Raised levels of several hormones can triple the risk of breast cancer in post-menopausal women, a study has shown.
Scientists looked at the combined effect of multiple sex and growth hormones on a woman’s cancer chances.
They found that one hormone at a higher level than normal increased the breast cancer risk by 10% compared with having no elevated hormones.
But the risk for women with five or six hormones at raised levels was doubled, while having seven or eight tripled the odds of getting cancer.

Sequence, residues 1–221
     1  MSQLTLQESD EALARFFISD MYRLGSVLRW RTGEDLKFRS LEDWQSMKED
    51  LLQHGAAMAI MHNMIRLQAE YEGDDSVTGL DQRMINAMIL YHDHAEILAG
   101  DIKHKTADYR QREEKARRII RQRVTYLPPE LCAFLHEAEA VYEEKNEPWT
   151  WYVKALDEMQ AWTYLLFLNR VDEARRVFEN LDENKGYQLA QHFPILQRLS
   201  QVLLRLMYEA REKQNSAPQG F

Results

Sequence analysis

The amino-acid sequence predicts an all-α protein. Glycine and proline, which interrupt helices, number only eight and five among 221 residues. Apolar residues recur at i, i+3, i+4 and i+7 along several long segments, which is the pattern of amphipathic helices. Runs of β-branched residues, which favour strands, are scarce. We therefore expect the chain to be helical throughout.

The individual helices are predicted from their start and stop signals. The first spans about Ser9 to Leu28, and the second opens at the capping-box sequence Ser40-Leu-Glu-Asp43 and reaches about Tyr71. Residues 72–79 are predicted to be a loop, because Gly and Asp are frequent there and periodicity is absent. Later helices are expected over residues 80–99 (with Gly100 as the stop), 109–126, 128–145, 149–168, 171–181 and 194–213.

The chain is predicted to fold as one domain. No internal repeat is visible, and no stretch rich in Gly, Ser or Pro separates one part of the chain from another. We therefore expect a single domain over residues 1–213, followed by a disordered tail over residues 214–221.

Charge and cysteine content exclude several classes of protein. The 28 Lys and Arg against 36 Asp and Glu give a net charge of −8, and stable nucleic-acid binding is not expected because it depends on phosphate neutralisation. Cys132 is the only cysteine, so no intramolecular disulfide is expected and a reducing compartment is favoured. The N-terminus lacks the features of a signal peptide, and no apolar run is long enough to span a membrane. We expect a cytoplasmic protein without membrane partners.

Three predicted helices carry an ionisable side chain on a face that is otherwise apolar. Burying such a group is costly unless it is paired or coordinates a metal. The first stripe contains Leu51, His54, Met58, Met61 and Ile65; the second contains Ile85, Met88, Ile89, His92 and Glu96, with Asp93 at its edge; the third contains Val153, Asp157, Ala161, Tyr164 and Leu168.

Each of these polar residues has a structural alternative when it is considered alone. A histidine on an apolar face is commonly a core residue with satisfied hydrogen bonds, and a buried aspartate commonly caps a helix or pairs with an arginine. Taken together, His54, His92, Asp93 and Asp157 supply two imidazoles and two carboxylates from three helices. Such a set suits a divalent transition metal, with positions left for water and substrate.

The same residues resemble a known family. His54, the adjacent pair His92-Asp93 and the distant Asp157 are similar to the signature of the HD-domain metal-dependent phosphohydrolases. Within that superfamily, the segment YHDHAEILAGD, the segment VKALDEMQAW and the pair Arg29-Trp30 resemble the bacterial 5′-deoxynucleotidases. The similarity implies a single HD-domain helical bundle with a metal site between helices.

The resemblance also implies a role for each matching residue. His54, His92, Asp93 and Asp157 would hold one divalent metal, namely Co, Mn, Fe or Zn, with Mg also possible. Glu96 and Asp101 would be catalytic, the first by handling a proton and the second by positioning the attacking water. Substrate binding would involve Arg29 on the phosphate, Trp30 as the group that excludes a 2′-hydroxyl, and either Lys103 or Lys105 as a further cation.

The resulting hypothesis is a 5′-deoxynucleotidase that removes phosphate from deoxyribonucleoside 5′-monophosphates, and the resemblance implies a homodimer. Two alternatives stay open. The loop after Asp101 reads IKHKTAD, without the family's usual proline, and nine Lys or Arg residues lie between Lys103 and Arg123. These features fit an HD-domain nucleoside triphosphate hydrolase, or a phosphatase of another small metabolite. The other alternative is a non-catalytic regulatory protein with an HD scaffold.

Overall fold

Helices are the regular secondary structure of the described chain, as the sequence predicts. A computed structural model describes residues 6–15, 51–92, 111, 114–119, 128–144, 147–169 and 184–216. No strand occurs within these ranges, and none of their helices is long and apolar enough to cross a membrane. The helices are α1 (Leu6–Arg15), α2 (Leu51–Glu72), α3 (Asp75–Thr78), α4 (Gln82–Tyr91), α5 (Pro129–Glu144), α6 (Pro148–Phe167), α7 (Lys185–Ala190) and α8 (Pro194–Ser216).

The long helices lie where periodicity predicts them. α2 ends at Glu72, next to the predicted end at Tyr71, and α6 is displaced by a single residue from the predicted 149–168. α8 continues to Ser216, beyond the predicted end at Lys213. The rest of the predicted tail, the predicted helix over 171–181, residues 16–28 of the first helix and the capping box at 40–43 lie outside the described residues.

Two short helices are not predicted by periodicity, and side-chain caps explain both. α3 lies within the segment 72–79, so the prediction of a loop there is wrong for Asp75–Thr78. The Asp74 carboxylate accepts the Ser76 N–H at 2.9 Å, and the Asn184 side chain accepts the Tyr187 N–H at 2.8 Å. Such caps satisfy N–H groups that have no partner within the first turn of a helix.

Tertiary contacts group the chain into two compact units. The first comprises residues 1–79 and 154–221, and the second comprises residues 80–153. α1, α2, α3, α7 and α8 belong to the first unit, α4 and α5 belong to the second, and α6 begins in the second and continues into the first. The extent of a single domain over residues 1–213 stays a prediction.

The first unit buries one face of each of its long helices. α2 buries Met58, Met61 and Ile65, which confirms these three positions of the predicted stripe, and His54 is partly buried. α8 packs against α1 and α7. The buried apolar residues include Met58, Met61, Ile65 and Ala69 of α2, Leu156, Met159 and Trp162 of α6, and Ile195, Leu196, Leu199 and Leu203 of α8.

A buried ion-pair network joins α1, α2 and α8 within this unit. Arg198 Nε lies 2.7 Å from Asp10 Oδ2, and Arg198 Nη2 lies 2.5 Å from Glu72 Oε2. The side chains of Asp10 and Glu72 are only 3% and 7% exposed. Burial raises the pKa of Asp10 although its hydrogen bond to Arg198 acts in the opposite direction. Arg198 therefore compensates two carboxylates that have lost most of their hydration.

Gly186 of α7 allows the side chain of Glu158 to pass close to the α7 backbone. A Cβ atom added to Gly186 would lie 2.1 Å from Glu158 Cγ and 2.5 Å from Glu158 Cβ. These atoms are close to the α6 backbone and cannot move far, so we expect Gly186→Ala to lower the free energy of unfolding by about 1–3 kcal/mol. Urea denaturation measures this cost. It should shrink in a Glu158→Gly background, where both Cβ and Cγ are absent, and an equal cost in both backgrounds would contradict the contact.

The US researchers compared levels of eight hormones in blood samples collected from 33,000 nurses aged 43 to 69.
The findings, published today in the journal Breast Cancer Research, showed that “ER positive” breast cancers with molecular receptors sensitive to oestrogen were the most influenced by hormone levels.
Study leader Dr Shelley Tworoger, from Brigham and Women’s Hospital in Boston, said: “Elevated oestrogens had the biggest effect on risk, especially for ER positive (oestrogen-sensitive) cancer. However, androgens, and prolactin also contribute to increasing risk of breast cancer.
“Our results suggest that models used to assess breast cancer risk could be improved by taking into account multiple sex hormone and growth hormone levels.”